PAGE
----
Prescriptions for Success
Here’s my recommendations to getting the Tribune back on track:
- Develop a real online strategy. Give readers the news and give them control over how they get their news. Let them rate articles to determine what goes on the front page, put up new pictures from the day’s news instead of the same photos week in and week out. Also, the Tribune should show respect to bloggers and other smaller news outlets. A little humility and cooperation might go a long way to engender some good cooperation between news sources.
- Invest in good minds, make things interesting. Right now, I don’t see any debates happening from the Tribune between its columnists. Wouldn’t it be interesting if the Trib featured two smart people with differing political views to take on issues in order to make its readers think and question their own assumptions?
- Be really good at something. If the Tribune is cutting its DC staff or its international staff, ok…then cover local politics better than anyone. Give us good reporting and full coverage, with pictures, videos, etc. Then, cut out the stuff that you’re not good at. If I wanted to read about entertainment news, I’d go to People or US Weekly.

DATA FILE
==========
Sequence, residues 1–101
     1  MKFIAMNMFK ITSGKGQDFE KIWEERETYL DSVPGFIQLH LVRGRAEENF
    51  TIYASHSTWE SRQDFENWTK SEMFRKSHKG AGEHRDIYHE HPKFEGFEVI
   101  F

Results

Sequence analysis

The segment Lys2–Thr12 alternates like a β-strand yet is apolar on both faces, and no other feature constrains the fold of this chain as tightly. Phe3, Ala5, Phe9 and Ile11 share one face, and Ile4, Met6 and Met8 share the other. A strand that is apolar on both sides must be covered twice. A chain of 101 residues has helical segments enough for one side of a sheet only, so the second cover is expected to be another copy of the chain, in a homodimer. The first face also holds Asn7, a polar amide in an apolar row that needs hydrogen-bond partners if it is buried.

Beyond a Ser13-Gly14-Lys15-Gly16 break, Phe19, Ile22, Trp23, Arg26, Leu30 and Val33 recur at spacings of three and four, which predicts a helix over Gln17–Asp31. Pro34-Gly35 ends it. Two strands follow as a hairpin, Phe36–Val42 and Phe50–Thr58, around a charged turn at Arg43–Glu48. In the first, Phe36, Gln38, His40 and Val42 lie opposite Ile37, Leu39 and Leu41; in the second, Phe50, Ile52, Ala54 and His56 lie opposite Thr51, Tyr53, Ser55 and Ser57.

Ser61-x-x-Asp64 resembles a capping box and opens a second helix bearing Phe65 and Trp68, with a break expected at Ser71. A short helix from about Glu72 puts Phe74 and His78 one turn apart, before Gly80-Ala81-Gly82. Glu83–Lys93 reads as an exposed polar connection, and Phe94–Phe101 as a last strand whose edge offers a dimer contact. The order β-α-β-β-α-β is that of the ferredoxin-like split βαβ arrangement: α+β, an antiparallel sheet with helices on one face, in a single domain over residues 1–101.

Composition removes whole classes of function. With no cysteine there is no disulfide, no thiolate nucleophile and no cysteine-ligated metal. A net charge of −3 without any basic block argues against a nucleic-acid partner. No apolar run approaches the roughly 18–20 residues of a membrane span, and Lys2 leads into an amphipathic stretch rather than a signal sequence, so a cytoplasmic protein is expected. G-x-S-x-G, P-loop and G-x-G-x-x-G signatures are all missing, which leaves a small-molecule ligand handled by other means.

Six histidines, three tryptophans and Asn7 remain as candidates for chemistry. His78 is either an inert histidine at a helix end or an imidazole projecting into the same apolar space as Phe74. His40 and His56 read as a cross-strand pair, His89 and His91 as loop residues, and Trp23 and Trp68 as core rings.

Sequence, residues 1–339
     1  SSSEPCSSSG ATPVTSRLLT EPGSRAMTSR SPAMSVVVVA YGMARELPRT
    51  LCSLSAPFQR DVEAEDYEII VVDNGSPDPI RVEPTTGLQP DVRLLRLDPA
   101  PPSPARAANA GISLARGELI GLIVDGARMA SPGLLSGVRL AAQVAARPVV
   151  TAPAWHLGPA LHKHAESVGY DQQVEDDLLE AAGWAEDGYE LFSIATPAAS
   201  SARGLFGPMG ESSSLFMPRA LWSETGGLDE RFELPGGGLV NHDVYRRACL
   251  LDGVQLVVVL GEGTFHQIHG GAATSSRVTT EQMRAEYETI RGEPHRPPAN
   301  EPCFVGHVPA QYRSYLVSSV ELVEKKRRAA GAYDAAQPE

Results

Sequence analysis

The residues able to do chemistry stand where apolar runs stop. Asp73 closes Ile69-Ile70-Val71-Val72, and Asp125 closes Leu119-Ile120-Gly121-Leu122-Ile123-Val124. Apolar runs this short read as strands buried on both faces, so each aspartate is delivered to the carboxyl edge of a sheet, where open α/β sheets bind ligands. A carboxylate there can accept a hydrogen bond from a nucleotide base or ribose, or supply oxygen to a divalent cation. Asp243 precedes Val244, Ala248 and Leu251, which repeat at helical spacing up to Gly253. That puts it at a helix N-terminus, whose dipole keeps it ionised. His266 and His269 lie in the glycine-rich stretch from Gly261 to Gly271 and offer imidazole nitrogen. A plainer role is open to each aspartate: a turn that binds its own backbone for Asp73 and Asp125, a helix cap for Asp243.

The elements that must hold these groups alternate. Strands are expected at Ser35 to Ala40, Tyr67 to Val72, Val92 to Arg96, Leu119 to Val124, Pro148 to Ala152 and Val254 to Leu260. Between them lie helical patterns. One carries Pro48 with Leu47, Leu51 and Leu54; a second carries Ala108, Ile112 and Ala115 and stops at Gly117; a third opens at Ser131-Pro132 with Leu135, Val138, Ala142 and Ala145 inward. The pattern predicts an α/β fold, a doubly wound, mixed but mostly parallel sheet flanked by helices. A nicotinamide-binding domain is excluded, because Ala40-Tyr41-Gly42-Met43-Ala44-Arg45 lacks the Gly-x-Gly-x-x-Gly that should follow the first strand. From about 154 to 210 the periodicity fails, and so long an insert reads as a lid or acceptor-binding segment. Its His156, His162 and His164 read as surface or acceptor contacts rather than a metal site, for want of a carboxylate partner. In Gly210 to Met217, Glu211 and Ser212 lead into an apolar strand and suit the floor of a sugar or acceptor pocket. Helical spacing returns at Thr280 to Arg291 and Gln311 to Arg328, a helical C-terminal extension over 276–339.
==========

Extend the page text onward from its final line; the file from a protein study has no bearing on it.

- Downsize the scope of media ownership. I think being as big as the Tribune is, has hurt the company. Again, it can’t do everything great. It should pick a core business and be the best at it. Get out of the businesses that it doesn’t understand or is not good at.
The Wild Card
Sam Zell is no ordinary owner. He’s one of the keenest business people in the world and he knows what he’s doing by bringing the Tribune into bankruptcy. I think the paper will emerge one day in much better shape than it is today – I wouldn’t dare say profitable but I’d say not hemorrhaging money. Zell has the business understandings to fix this complex problem.